In the summer of 2003, when the rest of the press corps in Baghdad fixated upon the lives of American soldiers in the desert and the nascent efforts to rebuild Iraq’s government, Anthony Shadid jumped into a white Chevy Caprice and headed south to the Shiite holy city of Najaf.
He spent days on end in Najaf’s labyrinthine alleys, gazing into seminaries and seeking out the most influential religious leaders of Iraq’s newly empowered majority sect. He grasped long before any other journalist, and well before the U.S. officials cloistered in the Green Zone, that the new center of power in Iraq rested with the grand ayatollahs of Shiite Islam. He called them the men with “ten-gallon turbans,” and he wrote the most vivid, insightful pieces about them, usually composed on deadline — on a Saturday afternoon for the Sunday Washington Post — fueled by two packs of Marlboro Lights.
New York Times correspondent Anthony Shadid, a two-time Pulitzer Prize winner whose dispatches captured untold stories from Baghdad under "shock and awe" bombing to Libya wracked by civil war, died Thursday of an asthma attack in Syria. (Feb. 17)
He banged out such lines as: “Ahead of him was the future of a country where Sadr’s followers are seeking to turn his legacy into power and, en route, discover the elusive intersection of religion and politics that has bedeviled the Muslim world for a generation.”
It was vintage Shadid. Eloquent and prescient. Graceful and gripping.
His death on Thursday, from an apparent asthma attack while on a reporting trip in Syria, has deprived American journalism of its most gifted foreign correspondent in a generation. His coverage of the Middle East — from Iraq, Lebanon, Libya and beyond — was, simply, the best. He set the standard. If you cared about the region, if you really wanted to understand what was going on, you read Anthony. If you were in his presence, as I was — we were fellow correspondents and housemates in Baghdad — you watched his performances with the awe usually reserved for basketball stars and violin virtuosos.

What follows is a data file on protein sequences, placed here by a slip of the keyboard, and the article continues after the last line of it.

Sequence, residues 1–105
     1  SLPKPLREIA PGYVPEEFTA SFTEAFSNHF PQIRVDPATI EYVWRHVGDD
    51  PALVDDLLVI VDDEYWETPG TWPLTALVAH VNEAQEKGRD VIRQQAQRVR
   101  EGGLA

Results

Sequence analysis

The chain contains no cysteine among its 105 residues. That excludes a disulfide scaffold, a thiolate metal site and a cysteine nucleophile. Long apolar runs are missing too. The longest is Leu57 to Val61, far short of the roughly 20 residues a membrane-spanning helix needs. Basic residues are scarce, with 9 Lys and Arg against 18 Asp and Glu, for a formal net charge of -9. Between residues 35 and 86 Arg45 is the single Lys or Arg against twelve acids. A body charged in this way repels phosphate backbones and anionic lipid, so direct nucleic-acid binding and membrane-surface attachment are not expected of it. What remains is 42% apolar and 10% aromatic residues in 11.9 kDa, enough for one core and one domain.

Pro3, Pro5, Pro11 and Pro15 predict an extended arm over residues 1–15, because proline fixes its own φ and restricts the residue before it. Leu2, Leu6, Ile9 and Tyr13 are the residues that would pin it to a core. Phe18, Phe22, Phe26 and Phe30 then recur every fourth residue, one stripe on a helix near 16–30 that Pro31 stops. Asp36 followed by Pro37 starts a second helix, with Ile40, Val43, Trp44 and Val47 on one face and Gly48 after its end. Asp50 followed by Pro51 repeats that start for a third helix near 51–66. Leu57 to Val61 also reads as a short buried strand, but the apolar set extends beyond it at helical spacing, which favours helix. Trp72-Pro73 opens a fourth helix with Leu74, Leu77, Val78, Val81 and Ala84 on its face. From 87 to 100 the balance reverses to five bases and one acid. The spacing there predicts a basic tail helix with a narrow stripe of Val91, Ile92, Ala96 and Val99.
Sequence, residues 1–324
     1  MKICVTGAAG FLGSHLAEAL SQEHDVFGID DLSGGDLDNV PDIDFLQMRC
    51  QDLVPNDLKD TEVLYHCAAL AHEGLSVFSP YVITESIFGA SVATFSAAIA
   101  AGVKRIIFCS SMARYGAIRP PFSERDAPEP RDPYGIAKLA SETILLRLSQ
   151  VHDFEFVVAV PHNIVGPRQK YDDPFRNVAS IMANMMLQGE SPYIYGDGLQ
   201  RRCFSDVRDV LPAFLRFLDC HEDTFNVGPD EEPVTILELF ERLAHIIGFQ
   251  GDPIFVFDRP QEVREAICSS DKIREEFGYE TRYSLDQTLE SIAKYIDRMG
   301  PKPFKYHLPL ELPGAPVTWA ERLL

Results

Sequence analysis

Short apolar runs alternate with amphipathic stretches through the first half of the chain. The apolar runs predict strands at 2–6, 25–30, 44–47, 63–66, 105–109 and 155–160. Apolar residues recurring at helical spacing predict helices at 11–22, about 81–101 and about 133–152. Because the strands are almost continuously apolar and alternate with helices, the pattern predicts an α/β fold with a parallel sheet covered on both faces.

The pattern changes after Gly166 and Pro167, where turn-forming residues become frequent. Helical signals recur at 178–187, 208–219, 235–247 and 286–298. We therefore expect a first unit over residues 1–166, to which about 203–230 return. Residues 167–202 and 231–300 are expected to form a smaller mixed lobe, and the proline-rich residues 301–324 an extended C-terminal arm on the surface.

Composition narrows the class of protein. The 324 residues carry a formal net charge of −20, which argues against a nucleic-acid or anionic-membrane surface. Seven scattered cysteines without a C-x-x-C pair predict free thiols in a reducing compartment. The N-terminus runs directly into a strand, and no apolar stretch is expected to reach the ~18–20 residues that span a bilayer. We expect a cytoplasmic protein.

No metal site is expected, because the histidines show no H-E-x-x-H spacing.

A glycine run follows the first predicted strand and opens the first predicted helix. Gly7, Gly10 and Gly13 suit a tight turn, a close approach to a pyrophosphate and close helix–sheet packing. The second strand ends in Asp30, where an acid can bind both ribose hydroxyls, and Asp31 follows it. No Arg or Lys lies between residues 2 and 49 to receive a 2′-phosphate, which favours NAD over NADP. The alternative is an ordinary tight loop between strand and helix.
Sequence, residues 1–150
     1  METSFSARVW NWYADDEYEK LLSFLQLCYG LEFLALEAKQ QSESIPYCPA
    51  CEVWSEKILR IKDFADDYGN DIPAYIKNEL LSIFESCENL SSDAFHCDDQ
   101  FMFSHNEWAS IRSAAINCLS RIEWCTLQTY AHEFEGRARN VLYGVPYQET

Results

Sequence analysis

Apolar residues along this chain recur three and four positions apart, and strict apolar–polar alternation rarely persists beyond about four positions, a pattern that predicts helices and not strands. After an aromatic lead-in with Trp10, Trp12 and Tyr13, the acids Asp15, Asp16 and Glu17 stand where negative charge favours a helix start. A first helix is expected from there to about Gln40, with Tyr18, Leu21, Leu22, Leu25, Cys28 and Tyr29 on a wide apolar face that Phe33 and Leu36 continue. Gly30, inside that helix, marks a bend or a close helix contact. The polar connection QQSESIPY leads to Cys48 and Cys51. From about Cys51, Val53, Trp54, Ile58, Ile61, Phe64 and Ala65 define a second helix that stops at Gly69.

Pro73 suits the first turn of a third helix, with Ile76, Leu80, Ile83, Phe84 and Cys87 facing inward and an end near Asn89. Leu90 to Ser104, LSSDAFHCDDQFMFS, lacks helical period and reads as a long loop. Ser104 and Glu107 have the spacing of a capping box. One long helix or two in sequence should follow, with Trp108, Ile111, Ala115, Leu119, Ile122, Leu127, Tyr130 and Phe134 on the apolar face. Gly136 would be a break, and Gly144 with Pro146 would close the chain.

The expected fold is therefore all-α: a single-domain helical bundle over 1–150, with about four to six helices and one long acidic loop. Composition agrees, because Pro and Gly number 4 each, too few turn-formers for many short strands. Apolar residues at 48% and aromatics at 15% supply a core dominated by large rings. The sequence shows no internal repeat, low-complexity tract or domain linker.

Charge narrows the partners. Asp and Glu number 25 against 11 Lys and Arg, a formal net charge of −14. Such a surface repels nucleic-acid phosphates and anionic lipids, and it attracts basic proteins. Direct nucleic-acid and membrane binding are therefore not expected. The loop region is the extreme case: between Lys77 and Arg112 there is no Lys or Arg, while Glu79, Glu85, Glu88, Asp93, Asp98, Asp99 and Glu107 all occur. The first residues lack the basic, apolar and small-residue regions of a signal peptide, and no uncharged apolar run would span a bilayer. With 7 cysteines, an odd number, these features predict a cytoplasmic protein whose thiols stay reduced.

His colleagues got it. He won two Pulitzer Prizes in a six-year span. His first, in 2004, was a result, according to the Pulitzer board, of “his extraordinary ability to capture, at personal peril, the voices and emotions of Iraqis as their country was invaded, their leader toppled and their way of life upended.”
He found humanity amid the rubble, compassion in the tableau of violence. He wrote about war by focusing on people, with intimate detail, revealing their lives in elegiac prose.
Anthony never let the plaudits go to his head. He could have had his choice of cushy assignments in Europe or the United States. He could have become a successful commentator or analyst. But his heart was in the Middle East — and in the story. He kept going out to report — to talk to people, to observe, to understand. Sometimes, it involved great personal peril — he stayed in Baghdad through the shock-and-awe bombing campaign, he traveled through southern Lebanon during the 2006 war and Israeli invasion, and he was kidnapped in Libya with three other New York Times journalists — but he was no adrenaline junkie. He did it because he wanted to know what was really happening. And that couldn’t be gleaned from a distance.